The opening of the center in 1977 caused a big public debate, due to its unusual and strange appearance. Because of its modernist architecture, which was revolutionary and not common at the time, the locals called the center names such as an oil refinery or a textile factory.
As the home of the National Museum of Modern Art, The Pompidou Center contains some of the most interesting collections of contemporary art. From the artworks of the painter Pablo Picasso to the works of Andy Warhol pop art a variety of styles are exhibited here.
In the square at the right near the center, many street performers gather, such as magicians, musicians, fire breathers and other various artists.
The complex also features the famous and entertaining Stravinsky Fountain, where the 16 sculptures represent the works of composer Igor Stravinsky. You will also find a diverse library open to the general public and IRCAM, the Center for Music Research and Acoustics. One of the famous albums created there is “Perfect Stranger” by Frank Zapa. Today, the center deals mainly with computerized music.
The Pompidou Center is well known for Rogers' entire work, which he built together with Italian architect Renzo Piano. The main part of the proposal presented by the architects was the idea that the traditional didactic museum building was no longer suitable for contemporary art, and instead, a special technical structure should be established. Technologically, the structure was designed to provide the effect of exposed steel pipes with cross-tensile rods. Beyond that, the building was equipped with an intensive system of services that could grow and change according to future mechanical demands.
Despite the enormous dimensions of the building, it succeeded in integrating into the existing street system, precisely because it was different from the surrounding landscape. This is an unusual building in many respects: it has no sculptural architecture outside or a space development inside. Even the main staircase, as we know from the architectural world, disappeared here and instead, they built escalators from the subway station, but they were placed outside the building to allow an "architectural tour" in the urban space of Paris.
The center has two unusual fronts:
The public façade has escalators in a glass tube that diagonally ascends along the transparent wall and the back sealed front, which includes the plumbing, air conditioning systems and elevators. All the prominent identity colors of the building are taken from the world of oil refineries and laboratories.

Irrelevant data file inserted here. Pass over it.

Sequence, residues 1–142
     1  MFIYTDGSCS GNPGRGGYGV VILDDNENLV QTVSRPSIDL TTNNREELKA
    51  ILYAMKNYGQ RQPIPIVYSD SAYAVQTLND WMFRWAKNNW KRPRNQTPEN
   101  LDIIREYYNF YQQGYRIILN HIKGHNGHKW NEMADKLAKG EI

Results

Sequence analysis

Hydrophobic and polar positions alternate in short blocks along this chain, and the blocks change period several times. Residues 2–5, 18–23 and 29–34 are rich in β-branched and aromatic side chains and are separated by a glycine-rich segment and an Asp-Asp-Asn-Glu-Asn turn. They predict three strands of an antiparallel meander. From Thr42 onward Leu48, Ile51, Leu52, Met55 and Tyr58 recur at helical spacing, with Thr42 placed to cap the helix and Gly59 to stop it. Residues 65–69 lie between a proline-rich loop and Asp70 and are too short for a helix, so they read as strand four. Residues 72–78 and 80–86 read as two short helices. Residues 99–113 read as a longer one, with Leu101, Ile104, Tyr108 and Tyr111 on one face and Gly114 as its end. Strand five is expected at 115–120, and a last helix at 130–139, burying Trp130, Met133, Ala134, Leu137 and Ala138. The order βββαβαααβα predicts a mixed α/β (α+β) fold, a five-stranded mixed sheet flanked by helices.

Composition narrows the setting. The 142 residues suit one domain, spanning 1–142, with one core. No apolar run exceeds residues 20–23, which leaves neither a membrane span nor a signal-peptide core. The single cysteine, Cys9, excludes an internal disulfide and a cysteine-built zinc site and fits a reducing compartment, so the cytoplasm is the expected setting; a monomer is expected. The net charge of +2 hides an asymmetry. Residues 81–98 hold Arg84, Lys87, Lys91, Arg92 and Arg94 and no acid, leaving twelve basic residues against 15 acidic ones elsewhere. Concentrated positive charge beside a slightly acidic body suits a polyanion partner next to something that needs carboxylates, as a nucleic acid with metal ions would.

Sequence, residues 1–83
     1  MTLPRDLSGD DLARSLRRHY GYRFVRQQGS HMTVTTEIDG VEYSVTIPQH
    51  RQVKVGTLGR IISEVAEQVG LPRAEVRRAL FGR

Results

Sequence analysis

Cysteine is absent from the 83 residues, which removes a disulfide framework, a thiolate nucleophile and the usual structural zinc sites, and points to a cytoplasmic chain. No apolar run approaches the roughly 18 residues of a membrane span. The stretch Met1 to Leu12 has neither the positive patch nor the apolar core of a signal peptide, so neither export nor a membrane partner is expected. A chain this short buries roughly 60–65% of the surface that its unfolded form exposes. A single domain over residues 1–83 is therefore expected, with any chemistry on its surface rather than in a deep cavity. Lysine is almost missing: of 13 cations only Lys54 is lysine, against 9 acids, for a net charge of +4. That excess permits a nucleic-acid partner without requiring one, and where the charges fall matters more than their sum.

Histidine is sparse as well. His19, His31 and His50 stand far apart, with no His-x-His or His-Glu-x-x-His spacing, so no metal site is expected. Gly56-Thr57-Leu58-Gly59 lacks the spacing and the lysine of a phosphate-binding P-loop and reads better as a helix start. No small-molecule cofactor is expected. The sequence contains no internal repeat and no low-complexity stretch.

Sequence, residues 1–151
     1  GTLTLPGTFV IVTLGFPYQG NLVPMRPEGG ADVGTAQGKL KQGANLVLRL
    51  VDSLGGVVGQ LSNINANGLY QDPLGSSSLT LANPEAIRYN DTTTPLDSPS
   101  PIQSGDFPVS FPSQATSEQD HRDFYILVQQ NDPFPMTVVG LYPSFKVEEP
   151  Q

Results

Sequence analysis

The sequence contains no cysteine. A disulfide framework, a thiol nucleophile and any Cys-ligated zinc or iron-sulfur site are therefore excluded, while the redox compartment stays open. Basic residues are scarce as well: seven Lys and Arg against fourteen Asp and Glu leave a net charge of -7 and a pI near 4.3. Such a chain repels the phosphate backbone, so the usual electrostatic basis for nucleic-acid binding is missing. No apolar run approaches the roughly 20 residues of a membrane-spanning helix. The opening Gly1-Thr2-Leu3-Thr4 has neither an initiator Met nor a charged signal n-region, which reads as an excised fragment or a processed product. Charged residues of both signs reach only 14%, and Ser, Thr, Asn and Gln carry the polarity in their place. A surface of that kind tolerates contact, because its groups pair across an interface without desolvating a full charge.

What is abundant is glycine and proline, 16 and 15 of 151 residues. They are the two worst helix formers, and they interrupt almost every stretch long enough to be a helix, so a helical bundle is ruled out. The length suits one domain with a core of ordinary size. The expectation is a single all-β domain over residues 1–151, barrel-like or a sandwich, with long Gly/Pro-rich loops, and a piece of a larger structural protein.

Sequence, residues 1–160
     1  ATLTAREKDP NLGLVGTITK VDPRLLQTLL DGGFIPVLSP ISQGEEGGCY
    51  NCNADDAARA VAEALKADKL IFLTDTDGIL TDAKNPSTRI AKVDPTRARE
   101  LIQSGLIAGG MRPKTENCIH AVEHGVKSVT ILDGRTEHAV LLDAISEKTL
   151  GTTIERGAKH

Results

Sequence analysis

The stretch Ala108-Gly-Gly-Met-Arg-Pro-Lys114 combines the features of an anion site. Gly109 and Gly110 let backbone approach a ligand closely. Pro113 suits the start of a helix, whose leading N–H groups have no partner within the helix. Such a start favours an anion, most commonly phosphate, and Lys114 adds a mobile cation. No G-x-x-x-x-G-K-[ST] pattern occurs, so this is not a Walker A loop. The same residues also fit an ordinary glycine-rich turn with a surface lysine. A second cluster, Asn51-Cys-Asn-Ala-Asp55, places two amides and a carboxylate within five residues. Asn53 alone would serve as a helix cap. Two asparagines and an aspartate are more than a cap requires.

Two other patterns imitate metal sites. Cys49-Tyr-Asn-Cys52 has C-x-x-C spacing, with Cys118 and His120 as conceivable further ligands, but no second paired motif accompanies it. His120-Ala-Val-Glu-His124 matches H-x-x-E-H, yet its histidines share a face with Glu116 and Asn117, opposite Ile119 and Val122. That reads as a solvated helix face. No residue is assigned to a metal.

The building made Piano and Rogers become world-class fame architects.
The museum has more than 50,000 works of art of various kinds, including painting, sculpture, drawing and photography. Of which, only about 2,000 are presented to the public. The styles that characterize the works are Fobism, Cubism, Surrealism and Abstract Expressionism.
On the first floor of the building there is a changing exhibit of industrial design, on the second and third floors there is a library with half a million books. On the third and fourth floors is the Museum of Modern Art, the largest of its kind in Europe, where you will find an impressive collection of paintings by Dali, Magritte, Ernest, Rowe, Kandinsky, Matisse, Braque, Picasso, Jackson Pollock and Andy Warhol.
In the square in front of the center, there is a lively activity of street artists in the form of silent human statues, imitators and mimes, jugglers, magicians, fire spiders and more.
There is always a large gathering in the entrance plaza, to the delight of tourists looking for attractions and artists collecting pennies.
At the top of the building you will find a luxurious restaurant and an observation deck.
The structure of the center is designed and built in an interesting hi-tech style. Outside hang pipes of its various systems. Each system has a different color according to its function: Blue - air, green - water, yellow - electricity, red - traffic (such as elevators).
Most of the city can be seen from here: the tall Montmartre hill with its white church, "Sacré-Cœur" to the Invalides where Napoleon Bonaparte is buried.
If you are looking to come at opening hours, try getting in line at least half an hour before. There are long lines here, and it's worth it to get here early.
On the sixth floor is a restaurant with a panoramic view that really great.
In the Pompidou Center there is wifi for free - if you need to use wifi, this is a good place to take advantage.
At the square next to the center you can see street performers, and absorb the Parisian air.
It's recommended to go all the way to the top floor of the museum, to the roof, sit by the window and drink a cup of coffee at 'Cafe Beaufort.'